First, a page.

Pain Specialist London

Pain Specialist in London

I am passionate about transforming pain by creating effective long term solutions that put the individual in control. I’m a pain specialist, initially trained as an osteopath (4 year Masters Degree), and I have a Fellowship of Applied Functional Science (in-depth human movement/bio-mechanics) from the Gray Institute in the U.S.

I’ve learnt from some of the world’s leading experts in the latest evidence-based pain science and neurology, and combine this with in-depth contemporary understanding of human movement.

I have extensive experience in sports and exercise, and treat athletes at any level, from beginner to elite. I’m a keen triathlete myself, and have completed the half Iron Man distance, and I’ve previously been a rower, rowing coach and gymnast; I understand the importance of movement, motivation and community involved in much sport and exercise.

These skills, along with extensive clinical experience, inform my commitment to changing how people and communities deal with pain, in order to positively impact how it is addressed.

View case studies

Philosophy of pain resolution

My experience in pain problems is that health is subjective and only the individual can decide if they feel better or back to normal, regardless of tests, scans or expert opinion. It is a whole person experience.

My philosophy is about helping you overcome pain so that you can lead a productive and fulfilling life, with meaningful goals and tangible progress.

My aims:

To promote health independence.

To provide simple effective solutions that allow you to get back to a productive and fulfilled life, doing the things you value.

To facilitate health using upstream strategies that empower you to overcome pain without dependence on medication or endless treatment.

To ultimately reduce the burden of chronic pain on our communities, society and National Healthcare System.

Treatment of chronic pain

I use a whole-person-approach which is an active and engaging process that looks at the various influencing factors that can cause and maintain pain.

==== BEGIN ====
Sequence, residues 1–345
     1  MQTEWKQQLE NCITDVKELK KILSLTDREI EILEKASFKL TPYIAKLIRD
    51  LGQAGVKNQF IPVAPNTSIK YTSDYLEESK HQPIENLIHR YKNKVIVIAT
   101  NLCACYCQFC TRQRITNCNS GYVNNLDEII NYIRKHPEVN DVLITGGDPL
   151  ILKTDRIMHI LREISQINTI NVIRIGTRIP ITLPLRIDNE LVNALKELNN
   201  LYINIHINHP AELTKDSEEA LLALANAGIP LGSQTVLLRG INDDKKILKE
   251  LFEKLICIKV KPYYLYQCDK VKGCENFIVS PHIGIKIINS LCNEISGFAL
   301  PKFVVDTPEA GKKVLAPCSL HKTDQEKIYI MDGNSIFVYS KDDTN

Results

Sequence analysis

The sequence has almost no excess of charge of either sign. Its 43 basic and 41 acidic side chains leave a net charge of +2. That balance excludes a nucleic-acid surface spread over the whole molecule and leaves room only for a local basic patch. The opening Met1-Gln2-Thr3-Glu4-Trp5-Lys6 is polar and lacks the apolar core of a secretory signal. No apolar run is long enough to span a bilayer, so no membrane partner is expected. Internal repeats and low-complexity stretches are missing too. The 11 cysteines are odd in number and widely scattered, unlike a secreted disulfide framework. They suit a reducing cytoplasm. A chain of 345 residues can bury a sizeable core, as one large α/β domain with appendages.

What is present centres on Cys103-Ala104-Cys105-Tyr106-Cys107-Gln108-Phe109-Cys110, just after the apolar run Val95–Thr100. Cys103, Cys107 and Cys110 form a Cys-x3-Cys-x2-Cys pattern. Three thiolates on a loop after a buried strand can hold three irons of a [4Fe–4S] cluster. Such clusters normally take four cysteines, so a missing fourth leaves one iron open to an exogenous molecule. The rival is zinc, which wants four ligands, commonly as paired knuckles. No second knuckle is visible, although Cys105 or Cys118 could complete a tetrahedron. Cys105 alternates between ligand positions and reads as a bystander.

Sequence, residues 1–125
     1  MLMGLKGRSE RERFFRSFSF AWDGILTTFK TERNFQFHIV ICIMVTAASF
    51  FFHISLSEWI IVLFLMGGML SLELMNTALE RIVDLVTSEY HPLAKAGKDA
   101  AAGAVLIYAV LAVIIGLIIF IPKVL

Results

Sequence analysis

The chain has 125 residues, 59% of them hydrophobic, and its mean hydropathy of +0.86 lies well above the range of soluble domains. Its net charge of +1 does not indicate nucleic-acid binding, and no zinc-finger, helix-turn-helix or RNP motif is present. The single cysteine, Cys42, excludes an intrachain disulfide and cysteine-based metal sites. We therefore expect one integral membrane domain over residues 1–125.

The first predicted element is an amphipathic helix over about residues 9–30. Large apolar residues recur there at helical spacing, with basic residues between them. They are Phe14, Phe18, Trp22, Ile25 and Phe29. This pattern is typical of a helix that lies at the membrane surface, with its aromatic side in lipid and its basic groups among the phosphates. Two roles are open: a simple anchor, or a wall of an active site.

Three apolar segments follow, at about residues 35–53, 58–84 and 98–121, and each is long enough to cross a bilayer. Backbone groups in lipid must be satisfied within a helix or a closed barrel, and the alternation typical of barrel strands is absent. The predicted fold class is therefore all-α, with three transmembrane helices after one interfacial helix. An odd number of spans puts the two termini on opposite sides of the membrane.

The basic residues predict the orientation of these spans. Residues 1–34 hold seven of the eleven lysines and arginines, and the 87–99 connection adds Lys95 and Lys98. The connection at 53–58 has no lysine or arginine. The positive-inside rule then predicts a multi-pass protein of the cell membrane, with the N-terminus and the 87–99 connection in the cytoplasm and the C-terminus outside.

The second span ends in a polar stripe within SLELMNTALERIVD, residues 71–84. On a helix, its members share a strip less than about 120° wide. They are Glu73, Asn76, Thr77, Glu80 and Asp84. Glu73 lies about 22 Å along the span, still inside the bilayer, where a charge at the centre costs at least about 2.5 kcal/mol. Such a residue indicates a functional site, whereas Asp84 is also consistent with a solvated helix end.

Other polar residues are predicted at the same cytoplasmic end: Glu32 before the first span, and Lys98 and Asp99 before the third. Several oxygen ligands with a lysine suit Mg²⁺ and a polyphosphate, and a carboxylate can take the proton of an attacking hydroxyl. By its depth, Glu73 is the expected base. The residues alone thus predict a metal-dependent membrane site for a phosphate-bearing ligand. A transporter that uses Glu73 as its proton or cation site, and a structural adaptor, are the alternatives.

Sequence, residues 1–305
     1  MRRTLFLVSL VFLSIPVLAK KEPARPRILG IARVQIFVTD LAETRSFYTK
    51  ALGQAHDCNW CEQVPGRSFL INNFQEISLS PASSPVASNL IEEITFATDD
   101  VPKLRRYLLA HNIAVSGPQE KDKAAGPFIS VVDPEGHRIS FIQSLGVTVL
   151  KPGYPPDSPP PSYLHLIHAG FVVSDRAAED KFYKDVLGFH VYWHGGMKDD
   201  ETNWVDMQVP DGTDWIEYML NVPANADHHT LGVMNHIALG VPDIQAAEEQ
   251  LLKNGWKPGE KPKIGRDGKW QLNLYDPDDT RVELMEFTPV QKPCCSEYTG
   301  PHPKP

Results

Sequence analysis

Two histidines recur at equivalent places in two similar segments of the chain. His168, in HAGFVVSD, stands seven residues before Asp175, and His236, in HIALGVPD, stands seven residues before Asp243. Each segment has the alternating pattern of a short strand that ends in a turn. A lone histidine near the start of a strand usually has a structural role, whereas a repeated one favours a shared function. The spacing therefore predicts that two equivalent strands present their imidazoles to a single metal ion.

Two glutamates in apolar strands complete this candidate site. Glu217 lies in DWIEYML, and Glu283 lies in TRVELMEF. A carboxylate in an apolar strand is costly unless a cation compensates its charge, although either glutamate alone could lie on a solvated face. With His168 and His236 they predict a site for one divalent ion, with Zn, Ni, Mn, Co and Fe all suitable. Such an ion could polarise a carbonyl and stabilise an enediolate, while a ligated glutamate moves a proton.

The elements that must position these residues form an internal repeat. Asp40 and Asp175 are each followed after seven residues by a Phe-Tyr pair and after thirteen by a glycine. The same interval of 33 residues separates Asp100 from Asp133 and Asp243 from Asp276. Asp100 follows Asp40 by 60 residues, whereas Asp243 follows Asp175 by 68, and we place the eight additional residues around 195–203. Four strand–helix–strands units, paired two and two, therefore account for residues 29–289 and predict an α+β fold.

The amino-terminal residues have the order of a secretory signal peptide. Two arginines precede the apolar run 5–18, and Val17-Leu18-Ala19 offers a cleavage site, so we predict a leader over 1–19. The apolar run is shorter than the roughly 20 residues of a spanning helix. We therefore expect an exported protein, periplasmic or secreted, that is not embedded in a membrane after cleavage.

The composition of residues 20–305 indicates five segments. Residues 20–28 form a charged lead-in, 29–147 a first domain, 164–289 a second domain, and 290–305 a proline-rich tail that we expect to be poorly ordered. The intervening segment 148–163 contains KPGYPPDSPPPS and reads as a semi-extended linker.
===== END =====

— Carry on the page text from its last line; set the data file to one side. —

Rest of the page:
This can include things like dampening the sensitivity of the nervous system (neuro-plasticity), creating more successful movement patterns (biomechanics), and changing cognitive aspects which can involve pain-education and behaviour.

  • Thorough assessment and evaluation in the context of current symptoms, history and previous therapies or approaches tried.
  • Clear communication throughout treatment of any duration via clinic time, phone or email.
  • Contemporary approach that works towards overcoming limitations and aims for personal definition of health and goals.
  • Person-specific strategies.
  • Responsive care that adapts to your rate of progress.
  • Strategies that are up to date with the latest research and evidence base.
  • Provide relevant referral to specialists if required.

Understanding Pain

Pain is logical in many cases: if we break a leg we understand why there’s pain, and there’s a logical road to recovery - even though it’s not pleasant we have expectations of progress and therefore a degree of control, which makes us generally happier dealing with the process.

But often pain is ‘invisible’, and when it’s ongoing and doesn’t make sense, the ‘roadmap’ for recovery may be fuzzy. Often we have been led to believe we have pain because of ‘weakness’ or an ‘injury’ that will always be an issue.

The reality is that the human body is much more robust than we are may think: old ‘injuries’ or ageing do not inevitably cause chronic unresolved pain.

My approach provides active solutions specific to you. It’s responsive, meaning it adapts to how you respond, and it’s ultimately goal focused - whether that’s being able to work without being limited by pain or finish a marathon.

All pain is real, whether there’s an obvious medical reason for it or not. Whether you’re a seasoned athlete or lead a more sedate lifestyle.

Pain is our normal alert system, it’s the nervous system’s call to action, how it tells us that something needs to change.

How and why a person experiences pain is specific to them, it’s unique; by that definition it is different to anyone else’s pain. It has many influencing and contributing factors, and persistent or chronic pain is often much more than, and potentially very different to, ‘injury’ or ‘damage’.